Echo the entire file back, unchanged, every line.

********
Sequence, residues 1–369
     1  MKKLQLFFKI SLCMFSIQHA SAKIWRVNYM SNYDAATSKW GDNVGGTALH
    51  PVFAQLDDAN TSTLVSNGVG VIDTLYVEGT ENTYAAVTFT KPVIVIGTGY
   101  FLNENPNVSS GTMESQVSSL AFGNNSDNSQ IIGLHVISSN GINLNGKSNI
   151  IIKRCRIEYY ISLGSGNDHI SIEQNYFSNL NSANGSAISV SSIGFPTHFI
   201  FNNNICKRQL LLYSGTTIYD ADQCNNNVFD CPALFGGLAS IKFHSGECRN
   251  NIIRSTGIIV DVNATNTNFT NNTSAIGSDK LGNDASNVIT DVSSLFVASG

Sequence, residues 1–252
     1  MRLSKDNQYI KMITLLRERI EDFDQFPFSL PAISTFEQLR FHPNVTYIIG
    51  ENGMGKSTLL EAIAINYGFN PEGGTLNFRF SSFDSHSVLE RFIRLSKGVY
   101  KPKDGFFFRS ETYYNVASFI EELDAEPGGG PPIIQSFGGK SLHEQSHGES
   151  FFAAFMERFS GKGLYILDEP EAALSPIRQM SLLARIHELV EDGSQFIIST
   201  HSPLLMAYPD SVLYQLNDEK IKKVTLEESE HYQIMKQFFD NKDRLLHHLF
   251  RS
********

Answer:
Sequence, residues 1–369
     1  MKKLQLFFKI SLCMFSIQHA SAKIWRVNYM SNYDAATSKW GDNVGGTALH
    51  PVFAQLDDAN TSTLVSNGVG VIDTLYVEGT ENTYAAVTFT KPVIVIGTGY
   101  FLNENPNVSS GTMESQVSSL AFGNNSDNSQ IIGLHVISSN GINLNGKSNI
   151  IIKRCRIEYY ISLGSGNDHI SIEQNYFSNL NSANGSAISV SSIGFPTHFI
   201  FNNNICKRQL LLYSGTTIYD ADQCNNNVFD CPALFGGLAS IKFHSGECRN
   251  NIIRSTGIIV DVNATNTNFT NNTSAIGSDK LGNDASNVIT DVSSLFVASG

Sequence, residues 1–252
     1  MRLSKDNQYI KMITLLRERI EDFDQFPFSL PAISTFEQLR FHPNVTYIIG
    51  ENGMGKSTLL EAIAINYGFN PEGGTLNFRF SSFDSHSVLE RFIRLSKGVY
   101  KPKDGFFFRS ETYYNVASFI EELDAEPGGG PPIIQSFGGK SLHEQSHGES
   151  FFAAFMERFS GKGLYILDEP EAALSPIRQM SLLARIHELV EDGSQFIIST
   201  HSPLLMAYPD SVLYQLNDEK IKKVTLEESE HYQIMKQFFD NKDRLLHHLF
   251  RS